Review by Neo from The one thing you should know.
Toni Morrison’s The Bluest Eye, is widely regarded as a modern classic due to its compelling narrative and timeless social commentary. The novel was first published in 1970 and the story is set in 1940s post-Depression United States. The Bluest Eye is a story whose devastating subject matter and critical reflection of society, unfortunately, remain as relevant today as when it was written.
Was it an easy read?
Toni Morrison is often challenging to read and The Bluest Eye, despite being a relatively short book, is a long, intense read. The fragmented writing style and the change in narrators and narration styles throughout the novel require the reader to slow down often in order to follow the story. The novel isn’t needlessly confusing to read but quite a bit of concentration is needed to piece together the overall events of the story through various characters’ streams of consciousness, dialogue and narration.
A look at the characters
The novel centers around the lives of the Breedloves – parents Cholly and Pauline, their son Samuel and daughter Pecola. The Breedloves are a poor, black family who even by the standards of their community are extremely dysfunctional and thus marginalized. They are the kind of family which is viewed with strong disapproval, pity and even concealed shame by broader society because they are the embodiment of the most undesirable elements of their society. Cholly is a violent drunk, Pauline is an equally violent absentee mother, Samuel reacts to his dysfunctional parents by running away from home frequently while 11-year-old Pecola helplessly endures the abuse. The Breedlove family reflects poverty, violence, parental neglect, familial abuse, trauma and ugliness back at those who gaze at them and are thus the ideal vehicle for Morrison to provoke a sense of distress in the reader.
Pecola is a young, dark-skinned girl who prays to God for blue eyes because she believes that they will make her beautiful and stop the victimization she endures at the hands of her colorist family and community. She is the focal character of the novel but, interestingly, it is through the narration of other characters and not her own that we learn about her and hear of the tragic events of her life. This means that we never encounter her describing herself, her own feelings and experiences outside of the dialogue which she has with the other characters. This dialogue is also limited due to Pecola being a demure character that is often spoken over and dominated by others in dialogue as she is in all other aspects of her life due to her timid nature. Pecola represents the vulnerable innocent.
Furthermore, Pecola’s lack of a voice serves to show how her view of herself is solely based on how her society views her. She is repeatedly described as black and ugly by the majority of the characters in the novel, this description of her is the only one both Pecola and the reader receive throughout much of the book and it is certainly the most dominant portrait of the character. For long stretches of the novel we see Pecola only through anti-black, anti-poor, colourist and misogynistic eyes of her family and her community. Morrison utilizes this writing technique brilliantly to make us understand, without a doubt, why Pecola has internalized the hatred directed towards her. As readers we can never wonder why Pecola prays for Blue Eyes, by setting out to describe the how Pecola came to be obsessed with having blue eyes, Morrison makes the why quite clear.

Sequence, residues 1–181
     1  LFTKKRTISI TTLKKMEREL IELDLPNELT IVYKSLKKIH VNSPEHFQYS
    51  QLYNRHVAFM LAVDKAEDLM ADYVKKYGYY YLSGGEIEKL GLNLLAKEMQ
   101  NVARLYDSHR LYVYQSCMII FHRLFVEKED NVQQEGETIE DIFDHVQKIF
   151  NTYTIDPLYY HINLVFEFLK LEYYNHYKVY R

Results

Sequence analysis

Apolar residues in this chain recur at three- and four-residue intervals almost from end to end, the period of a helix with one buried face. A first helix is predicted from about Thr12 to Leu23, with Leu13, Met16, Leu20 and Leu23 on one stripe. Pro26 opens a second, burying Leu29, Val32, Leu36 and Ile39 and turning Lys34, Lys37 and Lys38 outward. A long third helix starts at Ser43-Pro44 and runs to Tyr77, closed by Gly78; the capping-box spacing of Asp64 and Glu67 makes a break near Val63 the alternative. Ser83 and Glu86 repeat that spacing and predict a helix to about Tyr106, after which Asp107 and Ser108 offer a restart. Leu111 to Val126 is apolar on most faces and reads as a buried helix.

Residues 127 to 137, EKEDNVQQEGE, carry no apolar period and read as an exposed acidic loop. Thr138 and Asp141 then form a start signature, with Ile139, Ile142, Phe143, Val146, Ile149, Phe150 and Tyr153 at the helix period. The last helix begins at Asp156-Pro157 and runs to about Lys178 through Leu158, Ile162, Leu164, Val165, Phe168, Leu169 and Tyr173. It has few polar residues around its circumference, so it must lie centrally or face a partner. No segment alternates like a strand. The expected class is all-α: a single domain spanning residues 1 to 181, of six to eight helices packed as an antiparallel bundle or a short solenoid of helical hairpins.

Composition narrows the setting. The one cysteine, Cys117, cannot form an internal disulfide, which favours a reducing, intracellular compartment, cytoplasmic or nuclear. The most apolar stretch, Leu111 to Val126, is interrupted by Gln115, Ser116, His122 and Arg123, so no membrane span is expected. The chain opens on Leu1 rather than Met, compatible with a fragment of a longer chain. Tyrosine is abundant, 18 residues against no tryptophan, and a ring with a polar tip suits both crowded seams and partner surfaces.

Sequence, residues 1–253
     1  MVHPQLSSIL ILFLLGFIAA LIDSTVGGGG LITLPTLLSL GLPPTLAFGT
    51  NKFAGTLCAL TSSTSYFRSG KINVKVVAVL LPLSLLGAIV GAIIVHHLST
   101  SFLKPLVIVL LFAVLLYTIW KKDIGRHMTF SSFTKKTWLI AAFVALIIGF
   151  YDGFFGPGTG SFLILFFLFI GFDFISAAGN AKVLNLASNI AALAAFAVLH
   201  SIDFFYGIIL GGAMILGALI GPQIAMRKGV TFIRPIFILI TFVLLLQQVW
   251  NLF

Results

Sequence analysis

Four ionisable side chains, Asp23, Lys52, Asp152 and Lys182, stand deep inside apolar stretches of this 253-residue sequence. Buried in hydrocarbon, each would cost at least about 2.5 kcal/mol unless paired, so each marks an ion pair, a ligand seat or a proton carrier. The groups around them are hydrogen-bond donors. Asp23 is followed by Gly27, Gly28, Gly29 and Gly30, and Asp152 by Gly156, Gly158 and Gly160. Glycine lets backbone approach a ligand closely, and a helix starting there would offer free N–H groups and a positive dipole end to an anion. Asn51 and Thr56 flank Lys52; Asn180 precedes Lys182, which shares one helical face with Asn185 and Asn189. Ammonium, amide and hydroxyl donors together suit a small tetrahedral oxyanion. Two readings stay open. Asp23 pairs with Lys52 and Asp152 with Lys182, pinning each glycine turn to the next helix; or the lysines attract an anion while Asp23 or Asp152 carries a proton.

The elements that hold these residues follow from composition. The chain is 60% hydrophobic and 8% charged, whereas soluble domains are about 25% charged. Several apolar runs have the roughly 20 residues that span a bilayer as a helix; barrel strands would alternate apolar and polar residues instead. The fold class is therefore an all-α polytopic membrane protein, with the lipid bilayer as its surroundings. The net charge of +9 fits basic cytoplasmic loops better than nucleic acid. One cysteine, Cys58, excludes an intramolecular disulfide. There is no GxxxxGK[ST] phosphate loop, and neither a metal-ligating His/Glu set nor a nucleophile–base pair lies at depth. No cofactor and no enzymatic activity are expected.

The most sympathetic account of Pecola’s story is that provided by her friend, Claudia MacTeer. Claudia is a little black girl who is like Pecola in many ways but whose experiences are far less devastating. She and her sister, Frieda, are the only characters with whom Pecola shares a relationship with. They are consistently friendly towards her and do not mistreat her – which is a relief for the reader as one can begin to feel that Morrison is just taking a hammer to Pecola with no reprieve – and they also display empathy and genuine concern for Pecola in a way that we would expect the adults in the story to. Of course, the tragedy of the story is that the only people who humanize Pecola are also poor, black, girls who do not have the social or material power to protect her.
Morrison’s dance with race and white supremacy
Although this novel deals with many important themes, I think the theme of white beauty standards is an important one which I can analyse without spoiling the book. Claudia’s voice is particularly memorable to me as a reader due to her defiance against white standards of beauty. Although her family comes from the same socio-economic class as Pecola’s and everyone around her also suffers from internalized racism to varying degrees, Claudia is intuitively suspicious of the assumption of white supremacy and black inferiority. She becomes resentful of symbols of white beauty – such as a white, blue-eyed baby doll she is gifted by her parents and the child star Shirley Temple – due to how highly black adults around her value them.